Over 20 years ago in our moving and storage business, I experienced the true significance of setting measurable performance goals. And I discovered the key to setting performance goals that truly motivate and inspire!
In the local moving division of our business, we asked each individual employee to set some production/quality goals. I was shocked how well our moving crews rallied behind this request to set measurable performance goals. For example, they set goals for the:
- Number of cartons packed per hour per job
- Number of pounds loaded per hour per job
- Number of pounds unloaded per hour per job
- Cost incurred for cargo claims per job, etc.
Originally, every crew-member set goals way too high, until we gave them feedback on their actual performance. We posted up everyone’s numbers so they could see how their actual numbers compared to everyone else.
For you see, they thought they were doing much better than they actually were. And they were really surprised that they fell short of their goals.
Even though we got them to reset more realistic goals, they were so competitive that they did everything possible to beat their current performance numbers.
Insight: If I, as the leader, had set my employees performance goals, they would not have been surprised at their performance. Their focus would have been directed at me, and my goal-setting abilities instead of how they could improve their own performance.
Not only did these measurable goals help our moving crews perform better, they also helped our leadership team identify which crew-members…
- Actually were the most productive, and more importantly, why they were.
- Had the lowest cost of cargo claims, and more importantly, why they did.
- Needed more training.
- Worked best together.
Observation: The employees who had the lowest productivity and the highest cargo claim costs weeded themselves out of our company.
Every leader can motivate and inspire their people by properly setting measurable performance goals.
Over the past couple of weeks I’ve been writing about preparing…
- A vision statement
- Strategic plans
- Tactical plans
And now it is time talk about measurable performance goals.
Most organizations will see a dramatic increase in employee performance when:
- A collaborative process takes place between an employee and their manager.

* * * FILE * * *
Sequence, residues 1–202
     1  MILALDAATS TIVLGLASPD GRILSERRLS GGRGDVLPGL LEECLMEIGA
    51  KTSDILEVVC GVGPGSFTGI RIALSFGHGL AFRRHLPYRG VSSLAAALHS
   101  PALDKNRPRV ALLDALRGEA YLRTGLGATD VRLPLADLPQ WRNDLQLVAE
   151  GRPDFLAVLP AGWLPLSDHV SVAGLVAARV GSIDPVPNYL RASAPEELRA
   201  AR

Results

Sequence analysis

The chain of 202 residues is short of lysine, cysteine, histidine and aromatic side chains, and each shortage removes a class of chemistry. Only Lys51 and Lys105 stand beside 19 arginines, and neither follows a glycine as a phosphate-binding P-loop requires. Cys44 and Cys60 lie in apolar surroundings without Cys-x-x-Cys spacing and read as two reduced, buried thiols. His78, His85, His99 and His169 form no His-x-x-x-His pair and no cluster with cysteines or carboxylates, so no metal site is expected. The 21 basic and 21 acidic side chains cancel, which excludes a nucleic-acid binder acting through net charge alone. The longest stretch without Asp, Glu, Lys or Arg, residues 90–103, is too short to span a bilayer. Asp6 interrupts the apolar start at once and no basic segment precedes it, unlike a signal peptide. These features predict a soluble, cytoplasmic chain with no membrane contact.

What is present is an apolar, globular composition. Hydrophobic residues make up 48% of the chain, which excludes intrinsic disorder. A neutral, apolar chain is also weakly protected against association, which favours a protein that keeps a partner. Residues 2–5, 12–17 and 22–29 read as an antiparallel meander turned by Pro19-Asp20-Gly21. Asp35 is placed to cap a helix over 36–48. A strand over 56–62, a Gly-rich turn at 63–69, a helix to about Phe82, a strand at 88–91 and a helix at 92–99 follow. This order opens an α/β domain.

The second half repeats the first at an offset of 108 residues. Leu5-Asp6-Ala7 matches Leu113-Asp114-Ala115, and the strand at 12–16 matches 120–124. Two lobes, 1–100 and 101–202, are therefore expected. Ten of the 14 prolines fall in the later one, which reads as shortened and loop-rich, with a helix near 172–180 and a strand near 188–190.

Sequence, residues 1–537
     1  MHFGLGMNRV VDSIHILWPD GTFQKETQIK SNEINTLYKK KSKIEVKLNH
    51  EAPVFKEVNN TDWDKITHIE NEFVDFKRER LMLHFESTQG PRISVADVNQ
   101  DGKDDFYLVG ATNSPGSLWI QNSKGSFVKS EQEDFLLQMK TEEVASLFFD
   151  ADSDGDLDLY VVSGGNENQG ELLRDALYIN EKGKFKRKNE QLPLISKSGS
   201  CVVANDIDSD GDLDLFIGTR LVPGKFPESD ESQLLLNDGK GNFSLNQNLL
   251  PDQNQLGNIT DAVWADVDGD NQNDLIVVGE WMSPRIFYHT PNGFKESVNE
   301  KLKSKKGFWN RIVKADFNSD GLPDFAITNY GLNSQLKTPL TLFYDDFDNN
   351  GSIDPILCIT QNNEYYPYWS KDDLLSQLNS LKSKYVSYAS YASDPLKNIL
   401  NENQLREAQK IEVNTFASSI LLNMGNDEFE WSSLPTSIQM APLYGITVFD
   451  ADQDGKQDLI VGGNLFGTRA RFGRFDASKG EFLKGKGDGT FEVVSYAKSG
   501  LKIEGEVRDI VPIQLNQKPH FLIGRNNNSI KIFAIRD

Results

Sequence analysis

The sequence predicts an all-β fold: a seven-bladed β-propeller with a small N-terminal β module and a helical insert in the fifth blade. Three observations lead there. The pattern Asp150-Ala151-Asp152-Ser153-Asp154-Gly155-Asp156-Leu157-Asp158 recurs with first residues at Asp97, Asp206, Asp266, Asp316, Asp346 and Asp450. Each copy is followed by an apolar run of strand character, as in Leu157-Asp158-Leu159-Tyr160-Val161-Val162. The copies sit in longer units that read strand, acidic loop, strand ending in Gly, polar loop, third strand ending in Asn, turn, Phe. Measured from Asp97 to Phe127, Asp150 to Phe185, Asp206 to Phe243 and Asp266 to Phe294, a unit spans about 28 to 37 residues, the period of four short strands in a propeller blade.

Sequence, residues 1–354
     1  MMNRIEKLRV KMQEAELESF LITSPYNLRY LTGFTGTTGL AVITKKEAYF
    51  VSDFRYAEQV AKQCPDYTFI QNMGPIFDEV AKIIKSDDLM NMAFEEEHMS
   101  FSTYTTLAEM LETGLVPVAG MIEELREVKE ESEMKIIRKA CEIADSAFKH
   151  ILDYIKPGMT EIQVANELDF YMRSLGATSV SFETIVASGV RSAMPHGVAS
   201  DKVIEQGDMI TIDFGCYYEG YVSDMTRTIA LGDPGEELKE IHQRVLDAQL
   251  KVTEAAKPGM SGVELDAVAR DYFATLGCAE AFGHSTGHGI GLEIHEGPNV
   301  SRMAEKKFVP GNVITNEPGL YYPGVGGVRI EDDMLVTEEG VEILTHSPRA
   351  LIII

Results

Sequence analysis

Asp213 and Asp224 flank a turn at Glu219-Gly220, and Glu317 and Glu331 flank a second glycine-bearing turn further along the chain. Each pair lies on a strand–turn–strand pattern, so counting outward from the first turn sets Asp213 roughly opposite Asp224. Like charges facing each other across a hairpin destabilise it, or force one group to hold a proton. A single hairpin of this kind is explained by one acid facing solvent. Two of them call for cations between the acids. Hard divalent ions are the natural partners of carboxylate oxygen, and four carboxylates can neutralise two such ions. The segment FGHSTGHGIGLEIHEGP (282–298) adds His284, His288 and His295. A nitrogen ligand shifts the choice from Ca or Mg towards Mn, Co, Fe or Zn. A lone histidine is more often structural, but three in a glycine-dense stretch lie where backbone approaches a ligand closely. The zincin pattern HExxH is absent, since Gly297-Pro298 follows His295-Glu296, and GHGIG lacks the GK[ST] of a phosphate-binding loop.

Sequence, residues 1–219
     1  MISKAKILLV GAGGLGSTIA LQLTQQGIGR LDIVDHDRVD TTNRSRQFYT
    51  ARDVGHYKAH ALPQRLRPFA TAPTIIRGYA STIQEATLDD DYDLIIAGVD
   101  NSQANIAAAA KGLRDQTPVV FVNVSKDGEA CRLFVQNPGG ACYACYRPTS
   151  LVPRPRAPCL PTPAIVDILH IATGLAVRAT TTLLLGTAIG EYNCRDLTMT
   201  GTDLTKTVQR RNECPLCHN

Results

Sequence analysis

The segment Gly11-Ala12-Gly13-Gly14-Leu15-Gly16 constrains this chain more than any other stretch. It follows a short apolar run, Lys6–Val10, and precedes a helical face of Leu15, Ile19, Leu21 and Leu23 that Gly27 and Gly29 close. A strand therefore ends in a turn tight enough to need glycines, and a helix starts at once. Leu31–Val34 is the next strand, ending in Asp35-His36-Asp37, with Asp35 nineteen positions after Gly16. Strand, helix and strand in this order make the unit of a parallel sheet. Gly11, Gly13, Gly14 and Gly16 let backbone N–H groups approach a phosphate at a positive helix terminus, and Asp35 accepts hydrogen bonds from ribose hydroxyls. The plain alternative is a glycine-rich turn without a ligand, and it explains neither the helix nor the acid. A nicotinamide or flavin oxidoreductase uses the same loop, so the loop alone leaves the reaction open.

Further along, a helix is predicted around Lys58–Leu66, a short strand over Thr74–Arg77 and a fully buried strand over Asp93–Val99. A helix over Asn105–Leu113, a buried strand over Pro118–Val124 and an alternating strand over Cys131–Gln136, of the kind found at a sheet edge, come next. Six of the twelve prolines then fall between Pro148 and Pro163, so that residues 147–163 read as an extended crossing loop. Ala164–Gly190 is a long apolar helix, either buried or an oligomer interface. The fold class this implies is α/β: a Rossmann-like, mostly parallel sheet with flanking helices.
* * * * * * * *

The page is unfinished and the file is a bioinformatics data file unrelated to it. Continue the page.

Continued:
- The individual employee effectively sets measurable goals that closely tie to the organization’s overall strategy.
Two recurring questions
Empowering leaders as well as highly-motivated employees will continually revisit two questions:
- What is our goal?
- Are we making progress?
They ask these questions about their long-term strategies, about their tactical efforts, about each meeting they attend, and about such process-oriented matters as their approaches to communication, coordination, and cooperation.
“Activity without purpose is like archery without targets.” – Jim Lundy
How good are your results?
Measurable performance goals are your activity targets with numeric and timeliness measures of success
Measurable performance goals always tied-back to the strategic and tactical plans to ensure that you profitably reach your customers.
Your measurable goals are set in contrast to past performance and to be obtained over a set time, e.g. 3 months, 6 months, 12 months, etc.
They are set by using the SMART criteria and by asking if they are…
- Specific and vital
- Achievable but challenging
- Results oriented
Here are some examples of performance goals that are activity targets with numeric and timeliness measures of success:
- Increase sales by 5% over same period of last year.
- Increase profit by 2% over the average of the prior three months.
- Reduce overtime by 50% by the end of the third quarter.
- Increase billable time to 92% by the end of the fourth quarter.
When an employee measures their progress, stays on track, and reaches their target dates, they experience the exhilaration of achievement that spurs them on to continued efforts to reach their goals.
Also, people can work together as an effective team when they have a clear picture of the team’s goals.
And they can maximize their feeling of achievement when they have pre-determined goals – the achievement of which is the definition of success!
What are your goals? Are you making progress? When will you get started? Please leave a comment <here> to continue the discussion!